Gridiron Capital featured in the Nashville Business Journal
By Andrea Williams
August 10, 2018
Reports of companies landing eight- to nine-figure capital investments are enough to have any cash-strapped or growth-driven founder clamoring for a piece of the equity pie. And while some entrepreneurs may, indeed, develop an asset that is attractive to investors, it’s important that they conduct extensive due diligence in order to find the best fit and potential for continued growth.
Jane Allen, founder of Brentwood, Tennessee-based Counsel on Call, a digital platform connecting law firms with contract attorneys, had run her company for more than 15 years before seeking outside help. She struck a deal with Gridiron Capital, and while she says that “the money was nice,” she was more impressed by the firm’s willingness to collaborate and truly partner with her in guiding Counsel on Call to future success.
“When we went through the vetting process, I would say, ‘I don’t think I am the [Counsel on Call] CEO for the future,’ and that didn’t scare [Gridiron] at all,” says Allen. “We really felt we were at the cusp, and we felt there was a huge window [of opportunity] there, and we needed a partner to come with us to do it. And in doing so, I felt we needed an experienced CEO—not necessarily an entrepreneur, but a visionary who’s constantly trying to create new solutions to solve problems.”
It was Allen’s willingness to speak up and ask questions about her future vision for Counsel on Call that helped her determine that Gridiron was the right partner for her company, even as her own role was evolving.
“Because we have been business owners, operators, and executives ourselves, we understand what it’s like,” says Tom Burger, Gridiron’s Managing Partner and Co-Founder. “So we know what we don’t know. From our standpoint, we’re never going to know [Counsel on Call] as well as Jane does. She founded it, and she’s worked in it every day for many, many years. But what we bring to the table is the fact that we’ve invested in part of over 100 companies. We bring ideas, creativity, and resources, and we know where our strengths and weaknesses are.”
Allen quickly discovered that one of Gridiron’s key strengths was in attracting top talent for growing ventures. She remembers having a conversation with a potential employee and being very aware of the fact that, at the time, Counsel on Call wasn’t in a strong enough position to recruit her. However, that completely changed once she partnered with Gridiron.
“That was one of the first calls I made to Will [Hausberg, Gridiron Managing Director],” Allen says. “I said, ‘This is what I think she can bring to the company,’ and he made it happen. For me, as the person running the company, it was fabulous to have partners who would listen, push back, and question, but then make the right decision and make it happen.”
Allen also notes that having Gridiron as an ally once allowed her company to overcome some challenges with its payroll company in a more efficient manner than would have been previously possible. Because Gridiron used the same company to handle payroll for all of their other portfolio companies, they were able to leverage that power to get a quick resolution.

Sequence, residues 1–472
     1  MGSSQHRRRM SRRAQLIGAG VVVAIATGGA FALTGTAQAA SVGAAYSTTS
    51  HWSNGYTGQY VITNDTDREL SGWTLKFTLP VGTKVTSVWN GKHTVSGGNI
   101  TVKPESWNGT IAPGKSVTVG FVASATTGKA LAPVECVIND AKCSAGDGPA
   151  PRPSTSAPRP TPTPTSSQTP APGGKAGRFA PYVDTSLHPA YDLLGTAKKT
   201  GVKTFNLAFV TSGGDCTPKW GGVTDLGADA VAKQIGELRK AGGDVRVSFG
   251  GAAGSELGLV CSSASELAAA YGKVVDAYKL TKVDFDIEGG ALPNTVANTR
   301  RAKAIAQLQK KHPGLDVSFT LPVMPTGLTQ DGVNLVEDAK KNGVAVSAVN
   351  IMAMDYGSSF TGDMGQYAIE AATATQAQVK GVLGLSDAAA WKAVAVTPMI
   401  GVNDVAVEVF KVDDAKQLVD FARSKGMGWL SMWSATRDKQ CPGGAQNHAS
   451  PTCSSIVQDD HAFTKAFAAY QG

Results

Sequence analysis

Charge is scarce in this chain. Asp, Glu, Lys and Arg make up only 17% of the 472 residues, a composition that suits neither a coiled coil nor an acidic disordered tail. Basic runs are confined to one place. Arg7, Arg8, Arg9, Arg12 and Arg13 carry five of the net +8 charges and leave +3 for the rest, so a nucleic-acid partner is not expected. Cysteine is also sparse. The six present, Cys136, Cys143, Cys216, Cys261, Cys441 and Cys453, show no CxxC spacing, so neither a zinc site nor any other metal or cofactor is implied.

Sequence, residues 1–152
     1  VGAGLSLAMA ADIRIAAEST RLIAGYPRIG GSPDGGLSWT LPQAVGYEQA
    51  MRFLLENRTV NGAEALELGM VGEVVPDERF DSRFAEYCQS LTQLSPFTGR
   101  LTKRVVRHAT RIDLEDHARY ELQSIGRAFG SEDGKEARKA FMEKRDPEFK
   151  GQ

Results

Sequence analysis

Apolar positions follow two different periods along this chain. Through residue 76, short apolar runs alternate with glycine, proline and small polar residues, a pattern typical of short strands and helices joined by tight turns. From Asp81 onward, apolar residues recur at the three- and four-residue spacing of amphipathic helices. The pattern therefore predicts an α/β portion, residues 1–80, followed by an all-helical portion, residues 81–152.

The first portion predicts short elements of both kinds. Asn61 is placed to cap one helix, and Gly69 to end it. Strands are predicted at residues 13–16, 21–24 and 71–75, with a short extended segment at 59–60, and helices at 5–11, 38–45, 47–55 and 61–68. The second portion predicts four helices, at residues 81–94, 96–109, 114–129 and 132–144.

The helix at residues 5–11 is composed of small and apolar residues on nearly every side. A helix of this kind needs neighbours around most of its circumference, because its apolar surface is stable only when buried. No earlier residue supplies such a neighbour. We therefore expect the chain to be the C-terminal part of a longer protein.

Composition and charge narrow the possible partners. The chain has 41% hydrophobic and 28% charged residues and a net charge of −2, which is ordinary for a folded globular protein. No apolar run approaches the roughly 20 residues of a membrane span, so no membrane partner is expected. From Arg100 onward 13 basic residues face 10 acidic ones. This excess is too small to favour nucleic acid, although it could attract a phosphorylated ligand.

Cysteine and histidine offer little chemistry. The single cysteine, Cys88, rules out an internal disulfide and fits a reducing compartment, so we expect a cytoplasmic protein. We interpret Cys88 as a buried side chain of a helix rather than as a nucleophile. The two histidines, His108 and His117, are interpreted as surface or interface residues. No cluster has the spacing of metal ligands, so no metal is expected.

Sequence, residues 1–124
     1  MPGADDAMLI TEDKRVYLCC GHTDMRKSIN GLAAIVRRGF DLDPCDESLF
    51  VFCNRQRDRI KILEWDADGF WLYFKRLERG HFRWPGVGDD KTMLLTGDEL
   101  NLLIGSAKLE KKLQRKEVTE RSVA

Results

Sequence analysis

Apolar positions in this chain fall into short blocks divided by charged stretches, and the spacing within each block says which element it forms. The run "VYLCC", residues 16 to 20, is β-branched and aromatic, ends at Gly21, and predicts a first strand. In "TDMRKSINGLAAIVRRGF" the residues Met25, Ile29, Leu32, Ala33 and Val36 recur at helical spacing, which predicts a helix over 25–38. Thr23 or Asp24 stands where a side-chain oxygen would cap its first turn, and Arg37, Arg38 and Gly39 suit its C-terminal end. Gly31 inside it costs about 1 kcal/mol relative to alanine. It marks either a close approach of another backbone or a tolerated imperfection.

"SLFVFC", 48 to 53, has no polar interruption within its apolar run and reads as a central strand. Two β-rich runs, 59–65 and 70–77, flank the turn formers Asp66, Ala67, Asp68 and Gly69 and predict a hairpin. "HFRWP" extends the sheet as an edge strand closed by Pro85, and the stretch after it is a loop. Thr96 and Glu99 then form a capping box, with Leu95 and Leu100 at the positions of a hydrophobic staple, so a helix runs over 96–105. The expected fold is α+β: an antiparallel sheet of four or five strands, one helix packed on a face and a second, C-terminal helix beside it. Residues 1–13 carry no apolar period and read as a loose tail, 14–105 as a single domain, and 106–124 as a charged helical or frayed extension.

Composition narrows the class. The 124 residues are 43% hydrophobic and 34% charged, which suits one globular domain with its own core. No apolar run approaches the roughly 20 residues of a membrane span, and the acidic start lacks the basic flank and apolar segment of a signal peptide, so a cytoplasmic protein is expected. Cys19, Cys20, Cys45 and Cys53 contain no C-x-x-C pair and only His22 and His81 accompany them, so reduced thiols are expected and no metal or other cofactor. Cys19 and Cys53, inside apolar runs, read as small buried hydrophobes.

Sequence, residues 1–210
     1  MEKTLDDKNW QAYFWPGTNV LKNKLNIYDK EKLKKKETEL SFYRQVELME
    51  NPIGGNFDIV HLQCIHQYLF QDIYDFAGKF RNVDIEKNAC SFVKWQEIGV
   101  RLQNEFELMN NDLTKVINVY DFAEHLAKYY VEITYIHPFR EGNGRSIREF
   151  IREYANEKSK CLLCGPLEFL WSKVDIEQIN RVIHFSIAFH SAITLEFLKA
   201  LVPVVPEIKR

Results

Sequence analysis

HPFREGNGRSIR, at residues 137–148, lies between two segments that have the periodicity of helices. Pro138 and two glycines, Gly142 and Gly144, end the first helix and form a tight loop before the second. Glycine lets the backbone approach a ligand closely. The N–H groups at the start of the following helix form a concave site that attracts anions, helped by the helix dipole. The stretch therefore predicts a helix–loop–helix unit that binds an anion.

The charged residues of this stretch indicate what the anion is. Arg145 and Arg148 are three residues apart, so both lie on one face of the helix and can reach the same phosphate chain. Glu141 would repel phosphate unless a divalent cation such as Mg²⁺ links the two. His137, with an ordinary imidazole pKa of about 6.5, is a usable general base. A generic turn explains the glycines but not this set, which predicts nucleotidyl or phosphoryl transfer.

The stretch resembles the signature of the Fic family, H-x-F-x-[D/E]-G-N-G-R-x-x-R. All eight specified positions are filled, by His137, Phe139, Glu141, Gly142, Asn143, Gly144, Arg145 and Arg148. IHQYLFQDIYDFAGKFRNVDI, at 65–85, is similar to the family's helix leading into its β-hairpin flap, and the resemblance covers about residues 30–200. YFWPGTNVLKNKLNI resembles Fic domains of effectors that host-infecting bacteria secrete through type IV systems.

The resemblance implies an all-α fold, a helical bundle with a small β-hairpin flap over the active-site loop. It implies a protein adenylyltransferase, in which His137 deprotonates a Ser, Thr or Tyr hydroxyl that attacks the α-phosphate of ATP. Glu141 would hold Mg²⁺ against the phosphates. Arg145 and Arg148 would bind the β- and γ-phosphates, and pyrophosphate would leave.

While Gridiron was able to assuage Allen’s specific concerns regarding the growth and expansion of Counsel on Call, it’s important to note that every company is different. For this reason, it’s important for founders and business leaders to vet every potential investor with the same intensity that they are being vetted.
“We do a fair amount of processes for companies where they’re looking to bring in an investment partner, and I think sometimes our clients get enamored with purchase price and value at a particular firm,” says Gregg Eisenberg, Managing Partner and Executive Committee Member of Benesch Law. “We always talk to our clients who are considering bringing in an investor about the relationship [they have with that investor]. Who do you want to spend your time with for the next five, six, seven years? Who is a great partner for you, and who would support you? My advice for the sales process, or the recap process, is to find great people that you want to work with.”
Burger agrees, noting that few founders have strong enough relationships with multiple investors in order to assess the market before entering into their own agreement. And even when a company is beginning to attract interest from potential investors, the fact that those firms will often go out of their way to present themselves as flawless entities makes it more difficult to decide whether to proceed with a deal.
“They all seem like great people,” Burger says. “So how do you figure out what they’re really like to work with? What will they really be like in tough situations? How much are you going to enjoy working with them? That’s hard to do because you’ve been building and running your business, and these are all new people to you.”
Burger’s solution? Call the founders of a firm’s other portfolio companies. Ask hard questions about how partners reacted when a company didn’t reach revenue goals as quickly as hoped, or when a market proves to be less promising than originally anticipated. And, most importantly, avoid rushing into any decision.
“Make sure you spend the time to really figure out: ‘Are these people that we want to spend a lot of time with over the next five to eight years, and are we going to not only be successful, but are we going to enjoy doing it?’” he says. “Life is short, so pick partners you’re going to enjoy.”